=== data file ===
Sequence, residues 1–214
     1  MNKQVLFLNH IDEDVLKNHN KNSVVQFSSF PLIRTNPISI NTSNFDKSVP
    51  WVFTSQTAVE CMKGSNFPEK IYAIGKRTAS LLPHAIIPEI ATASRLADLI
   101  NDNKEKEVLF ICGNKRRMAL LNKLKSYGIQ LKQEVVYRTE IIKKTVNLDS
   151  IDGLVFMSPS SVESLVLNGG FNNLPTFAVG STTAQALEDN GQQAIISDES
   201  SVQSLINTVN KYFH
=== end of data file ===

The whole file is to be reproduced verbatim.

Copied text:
Sequence, residues 1–214
     1  MNKQVLFLNH IDEDVLKNHN KNSVVQFSSF PLIRTNPISI NTSNFDKSVP
    51  WVFTSQTAVE CMKGSNFPEK IYAIGKRTAS LLPHAIIPEI ATASRLADLI
   101  NDNKEKEVLF ICGNKRRMAL LNKLKSYGIQ LKQEVVYRTE IIKKTVNLDS
   151  IDGLVFMSPS SVESLVLNGG FNNLPTFAVG STTAQALEDN GQQAIISDES
   201  SVQSLINTVN KYFH